THIS STORY TAKES
PLACE BETWEEN THE
BIG FINISH AUDIO
IN HELL" AND "THE
CHIMES OF MIDNIGHT."
WAR OF THE WORLDS
BIG FINISH CD#28
RELEASED IN JANUARY
A year after aN ODD
meteorite lit up the
skies of New York
laid waste to the
nation. At least,
according to Orson
Welles they did.
But what if some of
the panicked listeners
to the legendary War
of the Worlds RADIO
just imagining things?
Because it is so very different to any Doctor Who that I’ve ever seen or heard, it
is extremely difficult to analyse Invaders from Mars beyond the fundamental ‘did I enjoy it or not?’ Well, I did. And very much so.
Not only is the concept of Mark Gatiss’ story absolutely inspired – the blurb explains it more succinctly than I ever could – but it is executed so very proficiently. Through his writing and direction here, The League of Gentlemen star creates an animated, sepia-tinted America populated by gangsters, scientists, and even textbook 1930s stereotypical (albeit hirsute) aliens. The latter really steal the show with their cosmic protection racket; their lampooned, absurdly synthesised voices; and, of course, their constant bickering. Their antics are laugh out loud funny throughout - their showdown with the Doctor and the camp, traitorous ‘Scum’ Devine is particularly hilarious.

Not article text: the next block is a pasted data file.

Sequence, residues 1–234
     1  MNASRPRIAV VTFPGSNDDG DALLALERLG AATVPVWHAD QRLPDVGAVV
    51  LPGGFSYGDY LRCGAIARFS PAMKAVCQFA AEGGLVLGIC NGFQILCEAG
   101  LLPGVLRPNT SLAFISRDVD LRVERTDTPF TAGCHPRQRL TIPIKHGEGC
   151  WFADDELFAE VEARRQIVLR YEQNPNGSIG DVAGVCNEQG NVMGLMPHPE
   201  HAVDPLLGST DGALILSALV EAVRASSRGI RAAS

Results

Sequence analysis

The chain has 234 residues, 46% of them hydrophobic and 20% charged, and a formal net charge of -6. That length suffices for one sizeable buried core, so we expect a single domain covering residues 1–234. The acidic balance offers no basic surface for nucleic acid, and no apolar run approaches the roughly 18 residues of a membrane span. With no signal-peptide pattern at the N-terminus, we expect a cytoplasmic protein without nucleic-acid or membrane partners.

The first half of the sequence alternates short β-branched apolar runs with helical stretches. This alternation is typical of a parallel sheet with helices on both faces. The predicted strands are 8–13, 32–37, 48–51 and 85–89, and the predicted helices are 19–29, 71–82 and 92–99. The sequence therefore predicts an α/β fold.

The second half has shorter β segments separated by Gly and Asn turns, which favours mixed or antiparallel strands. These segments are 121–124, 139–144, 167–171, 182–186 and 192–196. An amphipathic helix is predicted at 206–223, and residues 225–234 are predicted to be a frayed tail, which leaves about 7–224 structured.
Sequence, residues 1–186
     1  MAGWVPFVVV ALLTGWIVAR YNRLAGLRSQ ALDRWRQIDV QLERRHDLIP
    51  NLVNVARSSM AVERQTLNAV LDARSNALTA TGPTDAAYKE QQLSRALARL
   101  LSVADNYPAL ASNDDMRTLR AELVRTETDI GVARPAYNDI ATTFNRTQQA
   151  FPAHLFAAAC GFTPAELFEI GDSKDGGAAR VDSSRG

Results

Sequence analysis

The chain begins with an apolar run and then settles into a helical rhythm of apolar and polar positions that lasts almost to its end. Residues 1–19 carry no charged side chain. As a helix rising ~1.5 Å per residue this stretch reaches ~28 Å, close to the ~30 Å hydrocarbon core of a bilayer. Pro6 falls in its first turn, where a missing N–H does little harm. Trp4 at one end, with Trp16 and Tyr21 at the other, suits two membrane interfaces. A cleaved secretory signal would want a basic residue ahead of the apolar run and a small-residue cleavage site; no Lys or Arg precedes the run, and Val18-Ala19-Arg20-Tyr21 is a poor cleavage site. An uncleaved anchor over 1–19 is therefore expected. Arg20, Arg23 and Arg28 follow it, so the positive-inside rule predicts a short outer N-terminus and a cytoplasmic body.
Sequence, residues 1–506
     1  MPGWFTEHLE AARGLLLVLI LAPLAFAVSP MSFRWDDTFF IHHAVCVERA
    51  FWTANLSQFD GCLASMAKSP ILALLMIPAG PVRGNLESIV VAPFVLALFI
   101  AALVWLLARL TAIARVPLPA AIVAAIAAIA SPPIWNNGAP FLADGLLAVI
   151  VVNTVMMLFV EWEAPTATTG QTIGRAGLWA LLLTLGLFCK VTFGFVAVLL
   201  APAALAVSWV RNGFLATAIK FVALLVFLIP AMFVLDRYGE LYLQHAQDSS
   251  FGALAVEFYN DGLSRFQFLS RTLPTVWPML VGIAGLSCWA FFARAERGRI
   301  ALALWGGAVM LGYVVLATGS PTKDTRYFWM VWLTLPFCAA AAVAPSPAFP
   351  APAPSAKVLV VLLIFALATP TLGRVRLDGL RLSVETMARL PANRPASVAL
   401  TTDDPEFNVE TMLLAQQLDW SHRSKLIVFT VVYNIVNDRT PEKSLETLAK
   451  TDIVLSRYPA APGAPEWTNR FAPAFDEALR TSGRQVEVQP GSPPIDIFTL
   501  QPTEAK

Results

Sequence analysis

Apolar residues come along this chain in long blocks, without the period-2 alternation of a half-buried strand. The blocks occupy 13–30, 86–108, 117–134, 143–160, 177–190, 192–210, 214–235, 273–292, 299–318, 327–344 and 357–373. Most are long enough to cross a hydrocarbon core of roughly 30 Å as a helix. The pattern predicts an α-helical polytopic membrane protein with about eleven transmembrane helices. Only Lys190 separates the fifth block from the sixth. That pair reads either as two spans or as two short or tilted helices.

The Doctor and Charley are as impressive as ever – in Part 1 where they discover Halliday’s body and the Doctor decides to impersonate him, I couldn’t help but be reminded of the old ‘holodeck’ episodes of Star Trek: The Next Generation. Dixon Hill anyone?
I was also impressed with the performances of Spaced crew. Simon Pegg’s Don Chaney and Jessica Stevenson’s Glory Bee were two such overstated characters that it was an absolute delight to hear the actors having so much fun playing them – and playing them so convincingly, I should add; accents and all.
A far cry from traditional Doctor Who,
this light-hearted B-movie pastiche is
a real testament to the flexibility of the
show’s format, even on audio. I don’t
know whether it was the ham Yankee
accents or the atomic bomb, but after
listening to this one I found myself with
a burning desire to dust off my copy of
the classic Peter Sellars movie, Doctor Strangelove…
Copyright © E.G. Wolverson 2006
E.G. Wolverson has asserted his right under the Copyright, Designs and Patents Act, 1988 to be identified as the author of this work.
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